The Swiss club FC Sion defeats the Scottish team Celtic to win a place in the group stages of the Europa League. The first game of the two-legged playoff tie finished 0-0 in Glasgow, but the Swiss win the return leg 3-1. (Press Association (London) 8/26/2011) UEFA will overturn the result as Sion fielded a number of ineligible players (see September 2, 2011), leading to a drawn-out legal dispute.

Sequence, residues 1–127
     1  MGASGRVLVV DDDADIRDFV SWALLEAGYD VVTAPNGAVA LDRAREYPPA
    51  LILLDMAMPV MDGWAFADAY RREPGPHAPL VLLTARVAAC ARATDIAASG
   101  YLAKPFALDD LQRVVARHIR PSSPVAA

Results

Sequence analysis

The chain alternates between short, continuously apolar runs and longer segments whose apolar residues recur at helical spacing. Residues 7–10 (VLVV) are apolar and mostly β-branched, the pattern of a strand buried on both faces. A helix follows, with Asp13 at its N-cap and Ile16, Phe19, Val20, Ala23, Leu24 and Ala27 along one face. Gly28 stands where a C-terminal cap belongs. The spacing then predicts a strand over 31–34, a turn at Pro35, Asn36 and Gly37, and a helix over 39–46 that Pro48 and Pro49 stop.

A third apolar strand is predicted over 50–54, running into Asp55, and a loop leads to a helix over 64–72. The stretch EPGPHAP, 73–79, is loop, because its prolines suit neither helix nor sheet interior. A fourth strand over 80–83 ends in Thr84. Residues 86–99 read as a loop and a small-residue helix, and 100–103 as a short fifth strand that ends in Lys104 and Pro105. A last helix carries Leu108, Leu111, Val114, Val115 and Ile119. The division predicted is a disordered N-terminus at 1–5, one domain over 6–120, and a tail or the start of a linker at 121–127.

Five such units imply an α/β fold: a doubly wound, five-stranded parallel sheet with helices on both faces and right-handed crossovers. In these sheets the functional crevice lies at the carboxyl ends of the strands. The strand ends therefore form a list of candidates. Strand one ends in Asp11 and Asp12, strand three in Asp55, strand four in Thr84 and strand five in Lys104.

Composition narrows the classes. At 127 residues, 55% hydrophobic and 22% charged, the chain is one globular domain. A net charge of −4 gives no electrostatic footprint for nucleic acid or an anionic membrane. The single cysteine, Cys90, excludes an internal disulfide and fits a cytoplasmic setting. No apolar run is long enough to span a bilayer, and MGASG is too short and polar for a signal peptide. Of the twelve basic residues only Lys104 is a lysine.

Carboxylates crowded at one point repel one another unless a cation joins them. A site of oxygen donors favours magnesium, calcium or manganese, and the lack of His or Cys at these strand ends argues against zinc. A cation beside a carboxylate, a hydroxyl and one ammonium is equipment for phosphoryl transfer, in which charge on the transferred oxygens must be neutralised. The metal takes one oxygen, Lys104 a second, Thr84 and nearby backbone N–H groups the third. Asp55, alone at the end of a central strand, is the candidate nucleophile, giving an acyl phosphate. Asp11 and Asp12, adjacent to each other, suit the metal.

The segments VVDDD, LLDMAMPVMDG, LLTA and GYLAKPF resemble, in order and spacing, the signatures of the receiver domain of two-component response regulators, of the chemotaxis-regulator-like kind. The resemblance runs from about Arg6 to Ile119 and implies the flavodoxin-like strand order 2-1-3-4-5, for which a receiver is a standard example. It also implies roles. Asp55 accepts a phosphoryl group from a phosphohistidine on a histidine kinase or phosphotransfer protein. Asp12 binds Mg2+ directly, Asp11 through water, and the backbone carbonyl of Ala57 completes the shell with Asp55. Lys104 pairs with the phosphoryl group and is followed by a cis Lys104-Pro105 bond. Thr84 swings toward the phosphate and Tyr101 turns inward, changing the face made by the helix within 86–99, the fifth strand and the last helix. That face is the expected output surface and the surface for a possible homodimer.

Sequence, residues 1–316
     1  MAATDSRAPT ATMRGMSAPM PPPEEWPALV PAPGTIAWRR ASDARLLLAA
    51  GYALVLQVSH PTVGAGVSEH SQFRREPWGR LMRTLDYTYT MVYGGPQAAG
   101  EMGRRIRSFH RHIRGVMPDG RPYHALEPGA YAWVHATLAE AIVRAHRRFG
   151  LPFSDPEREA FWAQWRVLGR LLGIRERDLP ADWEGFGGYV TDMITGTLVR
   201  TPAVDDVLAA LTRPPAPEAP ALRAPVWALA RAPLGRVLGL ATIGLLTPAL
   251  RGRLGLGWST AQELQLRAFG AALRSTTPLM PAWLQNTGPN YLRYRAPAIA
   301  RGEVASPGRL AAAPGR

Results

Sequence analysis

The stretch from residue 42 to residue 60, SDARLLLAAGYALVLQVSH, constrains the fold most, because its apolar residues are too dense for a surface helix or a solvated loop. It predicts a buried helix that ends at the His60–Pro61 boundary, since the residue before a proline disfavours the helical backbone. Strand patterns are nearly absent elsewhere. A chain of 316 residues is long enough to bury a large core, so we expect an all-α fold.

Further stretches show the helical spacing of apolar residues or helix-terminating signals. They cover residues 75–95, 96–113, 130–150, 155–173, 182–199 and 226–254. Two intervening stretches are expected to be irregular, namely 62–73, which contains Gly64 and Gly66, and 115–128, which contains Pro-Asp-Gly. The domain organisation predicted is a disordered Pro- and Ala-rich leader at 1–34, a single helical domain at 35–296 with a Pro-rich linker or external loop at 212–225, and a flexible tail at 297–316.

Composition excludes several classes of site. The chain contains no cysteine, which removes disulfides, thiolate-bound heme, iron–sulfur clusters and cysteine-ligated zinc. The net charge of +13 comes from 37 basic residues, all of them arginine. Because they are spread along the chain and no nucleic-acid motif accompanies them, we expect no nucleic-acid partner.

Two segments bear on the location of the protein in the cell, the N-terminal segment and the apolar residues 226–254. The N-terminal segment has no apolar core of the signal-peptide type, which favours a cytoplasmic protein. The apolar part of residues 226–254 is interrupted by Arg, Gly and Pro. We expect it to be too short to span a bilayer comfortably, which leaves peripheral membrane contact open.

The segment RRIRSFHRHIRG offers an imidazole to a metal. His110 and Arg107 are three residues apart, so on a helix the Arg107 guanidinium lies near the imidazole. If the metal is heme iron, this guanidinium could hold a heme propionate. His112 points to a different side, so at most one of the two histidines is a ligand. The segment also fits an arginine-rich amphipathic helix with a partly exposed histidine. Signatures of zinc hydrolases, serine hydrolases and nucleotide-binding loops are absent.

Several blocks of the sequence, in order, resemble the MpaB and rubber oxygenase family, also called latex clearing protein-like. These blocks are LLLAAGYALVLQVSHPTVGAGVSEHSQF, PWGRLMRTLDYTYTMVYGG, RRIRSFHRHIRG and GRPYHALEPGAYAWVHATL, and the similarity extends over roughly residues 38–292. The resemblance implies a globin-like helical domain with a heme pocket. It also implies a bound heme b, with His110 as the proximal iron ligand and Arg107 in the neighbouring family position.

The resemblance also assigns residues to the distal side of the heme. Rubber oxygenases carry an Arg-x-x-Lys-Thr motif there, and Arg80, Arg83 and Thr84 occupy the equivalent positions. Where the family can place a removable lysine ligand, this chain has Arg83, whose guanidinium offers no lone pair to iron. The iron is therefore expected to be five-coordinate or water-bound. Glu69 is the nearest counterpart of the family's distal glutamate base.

Two UEFA officials, president Michel Platini and general secretary Gianni Infantino, say that the Swiss club FC Sion clearly breached a transfer ban imposed on it and that the club should not resort to civil courts. Sion used players signed while it was operating under the ban (see April 16, 2009) to win a Europa League playoff (see August 25, 2011). However, their opponents Celtic have now appealed to UEFA to overturn the result. Platini says that the players were fielded “in clear violation of the ban,” adding, “FC Sion has not respected the rules of the transfer ban—they signed players and then played those players.” Infantino says the case will be dealt with in house. “The civil court ruling does not affect UEFA,” he says. “We will look at our rules and the FIFA rules. There is a ruling by FIFA, [the Court of Arbitration for Sport] have ruled, it went to the Swiss supreme court, and everything was confirmed but it has been challenged again.” Infantino also sets out the key point of the dispute, saying, “It is an interpretation question which is complicated—whether a two transfer-window ban means two transfer windows or parts of several transfer windows.” (Press Association (London) 8/26/2011)